Working on culture change in the NHS: one trust's journey


The Royal Bournemouth and Christchurch Hospitals NHS Foundation Trust, have launched a cultural change programme - Tony Spotswood, Chief Executive and Nicola Hartley, Director of OD and Leadership talk about the journey so far.

Tony Spotswood, Chief Executive at The Royal Bournemouth and Christchurch Hospitals NHS Foundation Trust

Why did you set out on this culture change journey?

Our work is focused on building staff engagement and realising opportunities for staff at all levels to improve their own and their colleagues’ experience in order to strengthen the care we provide to our patients. The need for a coherent evidence based approach is clear - already there are many examples of this leading to better care and outcomes.

Why is culture change important at this point in time for your trust?

Culture is central at all times to the effectiveness of an organisation, as the challenges facing trusts become more stretching so it is the culture that will make the difference in enhancing the care we provide to our patients. It is the means and route map to a sustainable future, and we have to create this through our behaviours.

Why did you take the decision to create the post of Director of OD and Leadership to lead this work?

This work is critical and as such needs to be led and informed by those who know how to do it. It is best not left to chance and requires skilled and experienced leadership to help create the desired changes in approach and behaviours.  

This work is not optional or an add-on; it is integral to a healthy, successful organisation. It is a marker of the quality of its leadership.

Nicola Hartley, Director of OD and Leadership at The Royal Bournemouth and Christchurch Hospitals NHS Foundation Trust

Why was the cultural change programme launched?

I was recruited a year ago to lead a cultural change programme to support the trust in its ambition and commitment to Quality Improvement (QI). The trust had already standardised its approach to QI and recognising the role leadership has in creating culture, believed the next step was to develop an aligned leadership strategy. This had huge support from the board.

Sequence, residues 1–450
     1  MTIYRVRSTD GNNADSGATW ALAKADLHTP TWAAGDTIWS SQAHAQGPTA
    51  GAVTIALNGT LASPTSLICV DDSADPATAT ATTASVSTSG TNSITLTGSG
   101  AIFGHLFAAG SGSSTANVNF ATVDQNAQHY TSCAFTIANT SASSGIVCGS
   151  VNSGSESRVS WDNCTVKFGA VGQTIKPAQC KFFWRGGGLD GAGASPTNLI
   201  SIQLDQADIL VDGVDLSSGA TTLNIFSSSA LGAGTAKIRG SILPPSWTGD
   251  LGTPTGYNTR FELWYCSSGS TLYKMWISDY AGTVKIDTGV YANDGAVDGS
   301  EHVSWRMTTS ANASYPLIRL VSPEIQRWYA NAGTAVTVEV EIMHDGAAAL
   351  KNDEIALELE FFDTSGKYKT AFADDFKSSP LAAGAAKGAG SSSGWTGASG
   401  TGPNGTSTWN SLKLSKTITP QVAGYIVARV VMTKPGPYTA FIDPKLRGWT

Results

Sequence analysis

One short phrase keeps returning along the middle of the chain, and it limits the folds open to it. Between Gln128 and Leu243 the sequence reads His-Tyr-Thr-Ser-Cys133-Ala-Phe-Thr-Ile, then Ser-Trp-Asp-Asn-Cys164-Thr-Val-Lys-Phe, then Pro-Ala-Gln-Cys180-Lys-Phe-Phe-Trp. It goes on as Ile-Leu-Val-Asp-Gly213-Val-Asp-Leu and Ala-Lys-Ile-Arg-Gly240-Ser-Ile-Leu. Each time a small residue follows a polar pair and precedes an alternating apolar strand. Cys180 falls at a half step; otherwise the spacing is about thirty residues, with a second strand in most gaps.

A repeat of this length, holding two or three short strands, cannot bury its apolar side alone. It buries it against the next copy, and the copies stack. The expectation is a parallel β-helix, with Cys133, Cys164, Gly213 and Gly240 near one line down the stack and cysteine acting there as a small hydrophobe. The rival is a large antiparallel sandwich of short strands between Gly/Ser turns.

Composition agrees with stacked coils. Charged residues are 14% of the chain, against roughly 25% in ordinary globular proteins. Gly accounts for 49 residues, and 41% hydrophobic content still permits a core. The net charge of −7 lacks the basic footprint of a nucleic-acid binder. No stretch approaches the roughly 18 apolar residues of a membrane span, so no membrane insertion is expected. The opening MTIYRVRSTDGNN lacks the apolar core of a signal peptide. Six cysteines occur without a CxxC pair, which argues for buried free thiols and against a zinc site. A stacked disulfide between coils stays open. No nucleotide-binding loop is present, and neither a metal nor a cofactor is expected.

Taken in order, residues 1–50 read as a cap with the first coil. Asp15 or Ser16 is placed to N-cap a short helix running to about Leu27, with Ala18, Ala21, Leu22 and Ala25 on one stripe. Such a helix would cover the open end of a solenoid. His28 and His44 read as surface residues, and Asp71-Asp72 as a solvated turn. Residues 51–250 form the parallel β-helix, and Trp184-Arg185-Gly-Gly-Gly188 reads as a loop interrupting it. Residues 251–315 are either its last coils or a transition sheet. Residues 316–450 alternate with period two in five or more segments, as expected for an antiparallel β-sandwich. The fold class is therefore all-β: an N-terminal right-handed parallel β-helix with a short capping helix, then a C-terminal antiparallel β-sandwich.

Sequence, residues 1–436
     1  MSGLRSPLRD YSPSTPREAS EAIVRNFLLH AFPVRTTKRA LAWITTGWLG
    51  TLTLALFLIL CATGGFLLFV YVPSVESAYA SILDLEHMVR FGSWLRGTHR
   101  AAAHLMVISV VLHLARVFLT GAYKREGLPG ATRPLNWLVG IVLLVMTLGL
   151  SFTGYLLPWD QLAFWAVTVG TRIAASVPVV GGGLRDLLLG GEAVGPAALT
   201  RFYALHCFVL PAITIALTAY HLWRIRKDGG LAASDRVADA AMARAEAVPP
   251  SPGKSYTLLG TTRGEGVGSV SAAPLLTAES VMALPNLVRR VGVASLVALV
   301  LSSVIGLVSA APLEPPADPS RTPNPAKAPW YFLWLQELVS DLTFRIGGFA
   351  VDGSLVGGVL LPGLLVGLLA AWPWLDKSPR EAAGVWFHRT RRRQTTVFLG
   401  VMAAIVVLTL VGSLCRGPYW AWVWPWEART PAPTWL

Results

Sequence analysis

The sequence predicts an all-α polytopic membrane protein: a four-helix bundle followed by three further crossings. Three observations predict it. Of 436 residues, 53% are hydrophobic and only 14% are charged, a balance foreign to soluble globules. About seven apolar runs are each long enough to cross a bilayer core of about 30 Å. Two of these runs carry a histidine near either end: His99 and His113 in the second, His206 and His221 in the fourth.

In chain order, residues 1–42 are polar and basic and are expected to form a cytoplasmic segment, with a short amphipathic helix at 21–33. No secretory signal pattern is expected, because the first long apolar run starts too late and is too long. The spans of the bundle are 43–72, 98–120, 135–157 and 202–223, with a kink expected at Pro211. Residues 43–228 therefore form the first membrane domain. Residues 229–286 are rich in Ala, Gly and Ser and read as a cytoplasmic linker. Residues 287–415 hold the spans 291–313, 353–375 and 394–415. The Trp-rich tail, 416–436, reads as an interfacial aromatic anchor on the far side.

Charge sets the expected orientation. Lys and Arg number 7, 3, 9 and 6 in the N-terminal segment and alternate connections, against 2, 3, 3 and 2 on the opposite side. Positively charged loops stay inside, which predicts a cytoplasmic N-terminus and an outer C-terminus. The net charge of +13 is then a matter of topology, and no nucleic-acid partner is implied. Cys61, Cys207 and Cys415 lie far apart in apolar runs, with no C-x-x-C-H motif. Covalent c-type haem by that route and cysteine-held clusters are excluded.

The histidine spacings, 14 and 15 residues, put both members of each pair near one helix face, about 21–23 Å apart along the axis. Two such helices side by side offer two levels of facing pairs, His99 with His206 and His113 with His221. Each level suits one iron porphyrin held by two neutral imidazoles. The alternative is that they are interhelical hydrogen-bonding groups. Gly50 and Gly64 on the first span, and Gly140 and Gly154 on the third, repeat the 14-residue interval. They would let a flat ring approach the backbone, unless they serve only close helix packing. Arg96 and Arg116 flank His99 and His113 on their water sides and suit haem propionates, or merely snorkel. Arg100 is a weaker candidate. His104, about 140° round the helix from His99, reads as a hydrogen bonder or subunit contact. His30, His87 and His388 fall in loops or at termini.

Who is in the change team?

Our change team is one of the things we are most proud of. We developed a set of criteria in order to recruit to it. To apply, individuals had to:

  • have the sponsorship and support of their line manager
  • meet the criteria
  • commit to attend 6 workshops 
  • undertake cultural audit work between the workshops 

 All of this was in addition to their “day jobs”.

Applicants were shortlisted and assessed by a panel that consisted of execs, non-execs, heads of nursing and quality and directors of operations. The board was also fully engaged in the process. We deliberately recruited a diverse section of people in terms of grades, roles, skills and experience. We tried to select a team that was representative of the workforce. 

We originally planned to recruit 12 change champions but from a strong field we actually recruited 15 people from a pool of 30, one of the team is a patient/volunteer representative. Being in the change team is a development opportunity. 

At the first workshop, the team developed their team objectives and progress against these was reviewed at each workshop. The development programme included looking at personality types and understanding differences, which was then used to think about how the team members could work effectively together to achieve their aims and objectives. Another session focused on presenting with impact and we engaged an actor to help facilitate that.

What has the impact been?

The impact has been huge. At the end of Phase 1, they gave a presentation of their findings to the board and received a standing ovation. The board wanted to know how things really were, and the change champions felt they were doing something really valuable. We took the views of over 900 staff into account and, in itself, the cultural audit has proved to be a very positive engagement activity. 

The final report to the board was huge, a lot of information and some important messages. It had a short executive summary to help make it digestible. The board dedicated a four hour development session to receiving the feedback which was presented by the change champions. The findings were themed into key messages and although some of these were hard for the board to hear there were no real surprises.  

Developing an action plan

The change champions then worked with the board to determine priorities and develop next steps. They gave further presentations and then sought feedback from the clinical directors and the council of governors. This work was then translated into an action plan which was agreed at the board meeting in July. The action plan set out our quick wins’ ‘just do it’ actions and things we need to take to the next phase: Phase 2: Design.

Next steps

Roadshows from our diagnostic phase – the ‘cultural audit’ - are now underway with a series of open meetings and attendance at existing team meetings being held. In these sessions, the findings of the cultural audit are being shared, staff are being invited to feed back on the findings and recommendations and shape the new culture. These sessions are being delivered by the change champions who are working in pairs and supported by a member of the executive team at each session. 

We are now developing the design phase and looking to recruit more change champions alongside the current team.

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